Timberland has been around since the 1950s, initially producing workwear for blue-collar New Englanders. The brand's wheat-colored boot shows up everywhere from concrete corners in Brooklyn to the boat docks of Maine. Given the boot's universal crossover appeal, there might not be a company better suited than Timberland to bridge the divides among function, sustainability, and style. That's where Raeburn comes in. The designer has signed on to produce a full line of clothes and boots that are utilitarian yet fashionable—with sustainability at the center of it all.

"I'm really engaged and excited about what a difference I can bring personally and what a difference Timberland can make globally," he says of his role. His namesake label, which is still independently owned and operated, has long existed in fashion's sustainability niche. His first collection, shown at London Fashion Week in 2008, contained outerwear constructed from a single parachute. That type of high concept, limiting his materials to the recycled, became his signature.

Today, sustainability no longer rests in fashion's more esoteric corners. It dominates mainstream conversations across the industry, whether negative (Burberry admitting to burning nearly $37 million in unsold stock last year) or positive (American designer Heron Preston steering the booming streetwear industry towards sustainability; Raeburn starting a new chapter for one of the country's most recognizable brands).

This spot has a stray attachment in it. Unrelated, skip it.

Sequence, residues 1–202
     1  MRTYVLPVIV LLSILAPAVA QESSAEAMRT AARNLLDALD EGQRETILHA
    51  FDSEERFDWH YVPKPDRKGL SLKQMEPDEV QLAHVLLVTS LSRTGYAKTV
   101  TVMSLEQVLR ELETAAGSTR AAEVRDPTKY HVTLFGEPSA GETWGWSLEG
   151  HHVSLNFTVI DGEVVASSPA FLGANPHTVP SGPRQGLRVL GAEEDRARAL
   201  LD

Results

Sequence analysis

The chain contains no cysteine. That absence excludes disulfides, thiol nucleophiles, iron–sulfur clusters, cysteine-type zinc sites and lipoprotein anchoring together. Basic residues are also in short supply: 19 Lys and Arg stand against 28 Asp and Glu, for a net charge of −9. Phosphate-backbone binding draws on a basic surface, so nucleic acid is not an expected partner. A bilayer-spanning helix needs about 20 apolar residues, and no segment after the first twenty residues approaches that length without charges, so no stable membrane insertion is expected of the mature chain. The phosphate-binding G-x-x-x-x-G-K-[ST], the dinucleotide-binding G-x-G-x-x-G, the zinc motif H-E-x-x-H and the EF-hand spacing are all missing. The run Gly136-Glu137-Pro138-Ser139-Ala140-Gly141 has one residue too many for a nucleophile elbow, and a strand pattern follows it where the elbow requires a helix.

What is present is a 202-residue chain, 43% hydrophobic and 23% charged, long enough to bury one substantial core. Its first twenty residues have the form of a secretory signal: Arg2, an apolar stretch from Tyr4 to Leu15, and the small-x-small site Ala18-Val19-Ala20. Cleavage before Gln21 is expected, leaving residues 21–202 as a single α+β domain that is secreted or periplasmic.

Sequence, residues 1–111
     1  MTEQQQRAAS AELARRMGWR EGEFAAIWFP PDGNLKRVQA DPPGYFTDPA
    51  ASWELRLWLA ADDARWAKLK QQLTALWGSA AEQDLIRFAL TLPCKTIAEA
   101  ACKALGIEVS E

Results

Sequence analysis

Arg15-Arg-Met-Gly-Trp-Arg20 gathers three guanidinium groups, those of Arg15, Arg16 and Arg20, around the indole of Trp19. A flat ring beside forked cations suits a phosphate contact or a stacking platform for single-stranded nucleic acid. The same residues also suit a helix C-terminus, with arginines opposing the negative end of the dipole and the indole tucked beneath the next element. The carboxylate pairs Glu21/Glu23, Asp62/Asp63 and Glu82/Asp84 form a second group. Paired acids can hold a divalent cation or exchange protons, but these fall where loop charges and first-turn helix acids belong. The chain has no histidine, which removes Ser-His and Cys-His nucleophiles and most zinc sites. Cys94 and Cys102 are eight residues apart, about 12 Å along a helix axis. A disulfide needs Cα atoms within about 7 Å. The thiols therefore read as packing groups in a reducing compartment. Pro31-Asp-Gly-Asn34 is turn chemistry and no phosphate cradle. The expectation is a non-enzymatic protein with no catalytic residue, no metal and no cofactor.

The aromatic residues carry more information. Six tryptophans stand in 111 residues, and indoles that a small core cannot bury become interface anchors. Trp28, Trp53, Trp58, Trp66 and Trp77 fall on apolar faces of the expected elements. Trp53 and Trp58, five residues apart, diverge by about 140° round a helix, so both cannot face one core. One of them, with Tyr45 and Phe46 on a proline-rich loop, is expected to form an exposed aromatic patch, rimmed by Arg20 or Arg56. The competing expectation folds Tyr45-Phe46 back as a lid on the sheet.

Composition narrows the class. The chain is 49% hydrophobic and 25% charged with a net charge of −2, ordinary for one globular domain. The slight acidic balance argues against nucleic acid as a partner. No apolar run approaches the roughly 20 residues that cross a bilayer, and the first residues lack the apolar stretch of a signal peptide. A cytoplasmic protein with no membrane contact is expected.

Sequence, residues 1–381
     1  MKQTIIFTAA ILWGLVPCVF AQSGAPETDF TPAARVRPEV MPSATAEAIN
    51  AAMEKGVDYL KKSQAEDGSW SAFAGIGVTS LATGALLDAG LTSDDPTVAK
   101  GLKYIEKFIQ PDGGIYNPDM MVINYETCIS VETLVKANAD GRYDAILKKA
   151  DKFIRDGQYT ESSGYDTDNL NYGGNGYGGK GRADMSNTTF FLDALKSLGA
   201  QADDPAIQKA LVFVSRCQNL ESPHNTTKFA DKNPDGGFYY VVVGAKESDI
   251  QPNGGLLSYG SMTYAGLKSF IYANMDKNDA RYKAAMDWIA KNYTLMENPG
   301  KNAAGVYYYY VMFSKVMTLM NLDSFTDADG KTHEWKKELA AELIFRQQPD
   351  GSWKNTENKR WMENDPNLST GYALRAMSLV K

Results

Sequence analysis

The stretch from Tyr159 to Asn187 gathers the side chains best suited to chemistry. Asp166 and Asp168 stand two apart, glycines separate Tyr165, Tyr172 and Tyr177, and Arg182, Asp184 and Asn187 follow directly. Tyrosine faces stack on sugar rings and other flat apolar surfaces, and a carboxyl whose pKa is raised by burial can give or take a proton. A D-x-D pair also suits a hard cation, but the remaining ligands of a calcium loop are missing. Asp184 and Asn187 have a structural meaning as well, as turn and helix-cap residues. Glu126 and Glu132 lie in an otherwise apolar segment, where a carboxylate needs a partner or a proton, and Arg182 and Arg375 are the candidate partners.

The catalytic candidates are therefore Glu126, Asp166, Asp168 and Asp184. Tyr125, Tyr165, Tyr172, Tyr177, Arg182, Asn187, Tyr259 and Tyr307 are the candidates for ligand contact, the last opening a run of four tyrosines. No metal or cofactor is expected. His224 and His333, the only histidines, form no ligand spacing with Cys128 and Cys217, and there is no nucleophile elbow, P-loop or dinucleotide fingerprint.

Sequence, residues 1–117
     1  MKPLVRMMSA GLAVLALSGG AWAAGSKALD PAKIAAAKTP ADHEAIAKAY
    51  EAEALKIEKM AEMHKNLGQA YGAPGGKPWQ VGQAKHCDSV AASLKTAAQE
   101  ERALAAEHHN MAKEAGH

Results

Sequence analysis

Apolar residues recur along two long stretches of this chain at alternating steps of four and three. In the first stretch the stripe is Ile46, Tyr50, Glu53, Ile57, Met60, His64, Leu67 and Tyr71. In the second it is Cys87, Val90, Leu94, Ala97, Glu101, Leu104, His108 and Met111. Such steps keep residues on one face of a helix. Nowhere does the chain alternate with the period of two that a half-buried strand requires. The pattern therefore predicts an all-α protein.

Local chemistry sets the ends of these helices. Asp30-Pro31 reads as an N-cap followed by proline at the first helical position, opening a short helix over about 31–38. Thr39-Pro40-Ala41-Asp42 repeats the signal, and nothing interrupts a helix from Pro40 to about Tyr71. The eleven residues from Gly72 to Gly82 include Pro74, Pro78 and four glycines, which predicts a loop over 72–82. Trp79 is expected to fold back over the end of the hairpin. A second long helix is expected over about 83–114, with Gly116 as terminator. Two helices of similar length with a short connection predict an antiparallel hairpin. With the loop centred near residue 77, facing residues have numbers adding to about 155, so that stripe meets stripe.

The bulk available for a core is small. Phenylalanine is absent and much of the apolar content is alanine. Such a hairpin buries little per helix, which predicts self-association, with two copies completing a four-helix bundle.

Always something of an outdoorsman, Raeburn grew up in a small village in Kent, England, and joined the Royal Air Force Air Cadets before he was a teenager. An appreciation for the environment and innovation wove itself into his fashion career. Now it's the cornerstone of his leadership for an apparel and footwear brand with more than a hundred flagship stores worldwide.

"It's almost just common sense," Raeburn says. "We do want to do everything we can to minimize our impact, and we also want to make beautiful objects that put craft and creativity at the heart of everything we are doing."

It's worth mentioning that Timberland is no stranger to sustainable design. In 2007, the brand set out to make the most environmentally responsible boot it could. The result was the Earthkeeper, featuring recycled plastic and rubber. Back then, it was pretty unheard of for a company that size to do such a thing. Eighty-four percent of its footwear includes at least one component with recycled, organic, or renewable content. It's a start, but neither Timberland nor Raeburn is content with stopping there.

How do you give eco-friendly clothes "must-have" appeal? Raeburn knows people turn to Timberland primarily for tough, longlasting gear and that the brand's iconic six-inch boot rivals Nike's Air Force 1 or Supreme's box logo on the hip-hop and streetwear scenes. His newest designs for the label rely on ambitions, cutting-edge concepts yet remain accessible and wearable enough for the average guy.

Sure, more people are shopping with an eye toward the environment, but the clothes still need to hark back to Timberland's most beloved offerings. So a forthcoming Timberland x Christopher Raeburn collection will feature neon orange and olive green patchwork, made from original Timberland pieces and decommissioned military parachutes. (The use of parachute material is a nod to Raeburn's debut collection.)

"I think it's important to respect that past and acknowledge the love that this brand has," says Raeburn. "The exciting thing for me is how can you respect that past but evolve things, challenge things, and disrupt things in the right way. Ultimately, I need to make sure that we are always moving forward." That means creating great clothes while making real, lasting change at one of America's great legacy brands. Says the guy who can turn a parachute into enviable garments. ■